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On Thursday hubby and I headed out to wander around the area near Medicine Lake. We’ve been to Medicine Lake itself a number of times on previous trips, but this time we decided to try and find some of the other volcanic features that were noted on our Forest Service map.

Our first stop was at a fairly small cinder cone called Paintpot Crater. You could see the cone from the road but not from the tiny parking area near the trail to the crater. So after walking about a quarter mile from the parking spot, you’re finally rewarded with a view of the cinder cone with loads of pumice lying all over the place. Even the little trail we were walking on was covered in pumice.

Paintpot Crater

After spending a little time looking around Paintpot Crater, we headed out again and wandered over to Little Glass Mountain. In shield volcanoes you sometimes get areas where the pressure builds up (which creates a flow of magma instead of an eruption) and where there is a lot of silica present in or near the magma, you can get obsidian (basically glass) forming in the lava. Both Glass Mountain and Little Glass Mountain are lava flows that are filled with obsidian. We’ve been to Glass Mountain in the past but didn’t realize (until I spent some time looking at the maps) that there was a smaller formation on the other side of the Medicine Lake volcano.

None of the pictures that we took really show the obsidian well, but the shiny spots in the flow are bits of it in with the lava. Hubby snuck this shot of the truck from across the road and I thought it gave some perspective on the size of the flow.

Little Glass Mountain

This chunk of obsidian is huge! I know there’s no scale but it is roughly 2 feet long.

Big chunk of obsidian

This little guy was resting on a flower stalk near the lava flow.

Shasta Blue Butterfly

After leaving Little Glass Mountain we headed out along a dirt and gravel road toward Medicine Lake. We knew it was about 20 miles to the lake (based on the map) but had never been on this particular road before. Man was I glad we left Cindy at the house! It was 20 miles of bone-jarring bumpy-assed road. In spots it was so bad I wasn’t sure we’d be able to get through … clearly this road isn’t traveled a lot. It was fun though. πŸ™‚

About a quarter mile from the end of this road I spied a tiny parking area with a picnic table just beyond it. We decided to take a little break and have a snack and once we got to the picnic table we found that we’d stumbled upon Little Medicine Lake … and there was no one else around. Score!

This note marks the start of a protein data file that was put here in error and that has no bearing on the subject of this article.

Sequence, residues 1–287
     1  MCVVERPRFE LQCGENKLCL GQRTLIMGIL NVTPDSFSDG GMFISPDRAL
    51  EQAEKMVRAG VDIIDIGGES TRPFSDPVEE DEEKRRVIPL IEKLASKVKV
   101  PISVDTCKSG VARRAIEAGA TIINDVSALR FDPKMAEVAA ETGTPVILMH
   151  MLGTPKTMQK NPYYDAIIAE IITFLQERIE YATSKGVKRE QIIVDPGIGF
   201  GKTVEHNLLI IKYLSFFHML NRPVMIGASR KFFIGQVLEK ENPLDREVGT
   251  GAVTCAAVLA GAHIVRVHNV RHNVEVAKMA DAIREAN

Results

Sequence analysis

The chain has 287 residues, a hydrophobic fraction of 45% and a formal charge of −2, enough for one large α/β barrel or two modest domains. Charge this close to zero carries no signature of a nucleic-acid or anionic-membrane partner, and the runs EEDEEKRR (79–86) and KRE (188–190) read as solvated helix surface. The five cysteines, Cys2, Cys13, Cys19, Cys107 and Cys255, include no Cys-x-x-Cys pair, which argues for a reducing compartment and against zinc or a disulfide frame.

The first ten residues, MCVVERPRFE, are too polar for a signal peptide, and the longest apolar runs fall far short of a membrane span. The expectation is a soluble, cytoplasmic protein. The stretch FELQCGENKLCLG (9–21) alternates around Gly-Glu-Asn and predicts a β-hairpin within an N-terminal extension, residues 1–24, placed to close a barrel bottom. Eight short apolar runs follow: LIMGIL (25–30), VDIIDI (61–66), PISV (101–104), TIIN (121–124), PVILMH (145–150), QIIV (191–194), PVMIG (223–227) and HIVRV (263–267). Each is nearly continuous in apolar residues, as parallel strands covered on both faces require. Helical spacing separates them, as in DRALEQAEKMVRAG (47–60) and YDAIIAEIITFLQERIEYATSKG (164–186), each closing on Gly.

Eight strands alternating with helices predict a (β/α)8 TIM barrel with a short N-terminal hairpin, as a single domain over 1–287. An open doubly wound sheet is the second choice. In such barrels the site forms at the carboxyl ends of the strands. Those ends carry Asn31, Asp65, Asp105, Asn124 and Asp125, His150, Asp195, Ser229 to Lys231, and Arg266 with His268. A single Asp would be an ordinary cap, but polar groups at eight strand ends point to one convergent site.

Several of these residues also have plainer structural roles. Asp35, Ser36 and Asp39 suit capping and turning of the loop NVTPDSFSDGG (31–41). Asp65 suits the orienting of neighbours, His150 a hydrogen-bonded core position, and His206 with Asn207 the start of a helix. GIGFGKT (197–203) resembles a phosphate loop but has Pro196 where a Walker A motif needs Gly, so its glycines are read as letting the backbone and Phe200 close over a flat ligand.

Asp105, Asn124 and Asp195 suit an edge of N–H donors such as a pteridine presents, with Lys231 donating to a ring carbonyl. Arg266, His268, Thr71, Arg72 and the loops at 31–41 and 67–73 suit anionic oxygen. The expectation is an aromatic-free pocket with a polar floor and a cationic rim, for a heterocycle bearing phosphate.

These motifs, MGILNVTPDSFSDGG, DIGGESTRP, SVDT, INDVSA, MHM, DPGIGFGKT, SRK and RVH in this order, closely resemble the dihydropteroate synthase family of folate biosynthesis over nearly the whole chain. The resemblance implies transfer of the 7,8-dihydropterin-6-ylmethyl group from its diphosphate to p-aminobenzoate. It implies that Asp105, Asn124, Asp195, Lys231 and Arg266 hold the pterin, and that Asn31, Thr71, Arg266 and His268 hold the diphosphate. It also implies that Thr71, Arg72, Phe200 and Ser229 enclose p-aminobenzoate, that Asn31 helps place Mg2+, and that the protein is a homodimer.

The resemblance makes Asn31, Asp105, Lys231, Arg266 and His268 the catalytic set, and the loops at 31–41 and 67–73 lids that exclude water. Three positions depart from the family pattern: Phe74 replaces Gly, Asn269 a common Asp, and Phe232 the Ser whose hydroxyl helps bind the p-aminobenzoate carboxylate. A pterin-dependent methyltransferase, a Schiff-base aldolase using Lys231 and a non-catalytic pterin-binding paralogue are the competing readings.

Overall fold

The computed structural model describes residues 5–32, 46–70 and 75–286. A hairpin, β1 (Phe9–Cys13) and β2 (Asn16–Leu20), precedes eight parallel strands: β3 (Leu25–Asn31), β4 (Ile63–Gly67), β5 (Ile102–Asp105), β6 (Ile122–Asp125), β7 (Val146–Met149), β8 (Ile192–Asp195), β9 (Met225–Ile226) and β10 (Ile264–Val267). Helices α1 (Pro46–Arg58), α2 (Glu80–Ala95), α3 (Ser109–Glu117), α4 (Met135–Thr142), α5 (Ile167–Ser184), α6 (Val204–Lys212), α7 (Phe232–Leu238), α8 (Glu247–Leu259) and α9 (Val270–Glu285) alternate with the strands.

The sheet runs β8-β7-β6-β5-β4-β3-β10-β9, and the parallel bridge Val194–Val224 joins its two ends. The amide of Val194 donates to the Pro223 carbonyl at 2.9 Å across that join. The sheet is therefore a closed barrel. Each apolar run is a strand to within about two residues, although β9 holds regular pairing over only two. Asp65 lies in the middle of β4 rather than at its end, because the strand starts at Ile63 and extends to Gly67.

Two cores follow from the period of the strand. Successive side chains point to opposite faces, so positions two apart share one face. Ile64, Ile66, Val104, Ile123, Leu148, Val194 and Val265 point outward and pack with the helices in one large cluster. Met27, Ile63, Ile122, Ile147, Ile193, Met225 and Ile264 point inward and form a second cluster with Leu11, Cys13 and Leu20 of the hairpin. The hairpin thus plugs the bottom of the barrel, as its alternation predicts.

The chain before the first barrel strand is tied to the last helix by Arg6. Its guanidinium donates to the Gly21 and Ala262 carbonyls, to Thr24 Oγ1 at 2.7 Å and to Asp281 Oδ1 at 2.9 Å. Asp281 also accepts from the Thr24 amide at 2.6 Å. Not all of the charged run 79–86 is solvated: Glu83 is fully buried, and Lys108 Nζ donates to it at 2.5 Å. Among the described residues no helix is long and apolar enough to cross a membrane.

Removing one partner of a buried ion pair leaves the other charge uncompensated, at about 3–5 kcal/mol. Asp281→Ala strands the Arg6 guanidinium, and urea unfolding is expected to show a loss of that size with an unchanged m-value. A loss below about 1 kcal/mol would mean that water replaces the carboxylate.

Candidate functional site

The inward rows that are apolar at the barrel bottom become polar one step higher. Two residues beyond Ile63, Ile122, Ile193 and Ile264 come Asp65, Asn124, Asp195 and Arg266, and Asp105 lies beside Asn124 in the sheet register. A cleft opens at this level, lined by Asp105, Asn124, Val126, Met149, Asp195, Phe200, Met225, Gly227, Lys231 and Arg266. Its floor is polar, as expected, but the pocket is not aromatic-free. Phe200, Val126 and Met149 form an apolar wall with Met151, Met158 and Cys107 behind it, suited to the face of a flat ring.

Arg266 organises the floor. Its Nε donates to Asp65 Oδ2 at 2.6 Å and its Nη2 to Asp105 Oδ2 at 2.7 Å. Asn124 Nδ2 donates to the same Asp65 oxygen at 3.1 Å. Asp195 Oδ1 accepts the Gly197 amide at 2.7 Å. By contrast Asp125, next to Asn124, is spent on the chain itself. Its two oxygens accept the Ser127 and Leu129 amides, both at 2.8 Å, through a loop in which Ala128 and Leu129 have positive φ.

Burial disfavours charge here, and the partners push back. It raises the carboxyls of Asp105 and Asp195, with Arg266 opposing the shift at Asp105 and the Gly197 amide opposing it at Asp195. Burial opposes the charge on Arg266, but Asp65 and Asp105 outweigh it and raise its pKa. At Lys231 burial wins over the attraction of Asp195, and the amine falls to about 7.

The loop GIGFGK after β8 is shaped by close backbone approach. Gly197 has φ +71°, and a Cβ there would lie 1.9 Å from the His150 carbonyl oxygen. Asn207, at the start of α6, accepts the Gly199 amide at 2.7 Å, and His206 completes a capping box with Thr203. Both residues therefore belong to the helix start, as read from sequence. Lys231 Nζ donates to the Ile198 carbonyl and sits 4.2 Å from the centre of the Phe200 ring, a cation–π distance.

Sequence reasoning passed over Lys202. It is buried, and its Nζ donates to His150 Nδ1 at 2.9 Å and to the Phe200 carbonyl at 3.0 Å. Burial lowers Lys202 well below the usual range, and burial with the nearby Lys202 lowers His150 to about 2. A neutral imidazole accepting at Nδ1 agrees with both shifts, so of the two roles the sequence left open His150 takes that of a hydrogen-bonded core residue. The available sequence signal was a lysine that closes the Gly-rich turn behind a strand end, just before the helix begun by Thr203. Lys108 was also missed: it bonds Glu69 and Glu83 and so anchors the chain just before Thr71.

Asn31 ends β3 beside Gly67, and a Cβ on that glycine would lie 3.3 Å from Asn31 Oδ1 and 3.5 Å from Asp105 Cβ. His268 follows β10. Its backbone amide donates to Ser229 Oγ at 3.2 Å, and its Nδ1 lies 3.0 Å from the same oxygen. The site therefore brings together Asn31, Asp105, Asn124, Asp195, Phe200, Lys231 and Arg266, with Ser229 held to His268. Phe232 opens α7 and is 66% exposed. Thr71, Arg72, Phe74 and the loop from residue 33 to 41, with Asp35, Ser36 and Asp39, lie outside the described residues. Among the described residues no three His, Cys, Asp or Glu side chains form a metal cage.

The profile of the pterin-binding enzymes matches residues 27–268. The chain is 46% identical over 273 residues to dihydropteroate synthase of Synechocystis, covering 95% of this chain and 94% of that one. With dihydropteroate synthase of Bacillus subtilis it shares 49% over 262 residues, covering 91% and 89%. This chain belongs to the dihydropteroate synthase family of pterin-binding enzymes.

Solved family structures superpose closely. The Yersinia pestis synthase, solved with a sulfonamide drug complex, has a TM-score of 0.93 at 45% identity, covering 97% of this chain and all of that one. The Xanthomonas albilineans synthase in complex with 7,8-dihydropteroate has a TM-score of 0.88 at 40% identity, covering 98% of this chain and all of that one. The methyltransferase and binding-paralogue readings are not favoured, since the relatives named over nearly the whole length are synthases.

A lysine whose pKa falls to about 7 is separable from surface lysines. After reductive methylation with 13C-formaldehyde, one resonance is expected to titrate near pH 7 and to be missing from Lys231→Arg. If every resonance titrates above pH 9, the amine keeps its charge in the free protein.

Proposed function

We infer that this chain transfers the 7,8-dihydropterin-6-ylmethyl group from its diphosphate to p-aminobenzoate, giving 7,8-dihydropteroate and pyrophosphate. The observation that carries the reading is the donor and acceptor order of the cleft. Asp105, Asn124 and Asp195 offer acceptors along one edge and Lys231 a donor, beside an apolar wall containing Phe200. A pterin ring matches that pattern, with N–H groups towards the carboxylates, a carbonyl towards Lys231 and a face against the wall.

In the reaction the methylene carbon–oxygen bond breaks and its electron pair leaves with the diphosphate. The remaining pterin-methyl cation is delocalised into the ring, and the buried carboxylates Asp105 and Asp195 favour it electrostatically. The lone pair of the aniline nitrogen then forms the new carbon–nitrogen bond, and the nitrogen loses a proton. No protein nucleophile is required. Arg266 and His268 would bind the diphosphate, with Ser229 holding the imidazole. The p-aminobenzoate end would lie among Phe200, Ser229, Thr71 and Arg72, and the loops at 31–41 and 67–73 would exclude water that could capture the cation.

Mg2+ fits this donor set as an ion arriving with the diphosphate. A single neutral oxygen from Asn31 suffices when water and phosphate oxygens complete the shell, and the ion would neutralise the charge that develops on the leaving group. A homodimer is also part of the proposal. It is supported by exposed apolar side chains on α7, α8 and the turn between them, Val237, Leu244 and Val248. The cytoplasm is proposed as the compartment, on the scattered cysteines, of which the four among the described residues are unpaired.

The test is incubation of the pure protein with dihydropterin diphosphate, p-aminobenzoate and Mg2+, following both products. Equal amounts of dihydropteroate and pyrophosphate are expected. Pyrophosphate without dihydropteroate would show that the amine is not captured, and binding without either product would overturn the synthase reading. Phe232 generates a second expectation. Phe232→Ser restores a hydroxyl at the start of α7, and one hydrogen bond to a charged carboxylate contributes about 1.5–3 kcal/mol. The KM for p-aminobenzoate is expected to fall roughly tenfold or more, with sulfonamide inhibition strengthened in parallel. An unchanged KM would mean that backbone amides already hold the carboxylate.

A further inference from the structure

Little Medicine Lake
Another view of Little Medicine Lake

After having our snack we explored the edge of the lake a bit and stumbled upon a bunch of tadpoles.

Can you see the tadpoles hiding in the grasses?

And there were small blue dragonflies all over the place. They wouldn’t hold still long enough to get a picture, but I sort of caught a bunch of them briefly clinging to some of the grasses at the edge of the lake.

Blue Dragonflies

Hubby even managed to find a tiny frog near where the tadpoles were swimming. He’s near the bottom of the picture just to the left of center.

Do you see the tiny little frog?

Just before we left a stiff breeze picked up and rippled across the surface of the lake.

Waves on the lake

There was supposedly an area with a huge amount of pumice a few miles north of Medicine Lake but we couldn’t find it (some of the stuff on the map was on private property) but on the way back past the lake we stopped at the side of the road to get a shot of a huge lava flow a little ways off.

Lava Flow

And found a bunch of wildflowers growing in the lava rock near the roadside.

Tenacious Flowers

After driving back past Medicine Lake headed toward the highway we decided to take another (thankfully better) dirt and gravel road to the secondary highway to see if we could see any of the large cinder cones on the map. We couldn’t see any of them, but it was a pretty drive.

Traveling through volcanic country

About midway down the road we came across a lovely meadow and some gorgeous wildflowers.

Lava rock in the meadow
Wildflowers growing at the edge of the meadow

I’ll post the rest of the pics from our visit to Castle Crags shortly. πŸ˜‰

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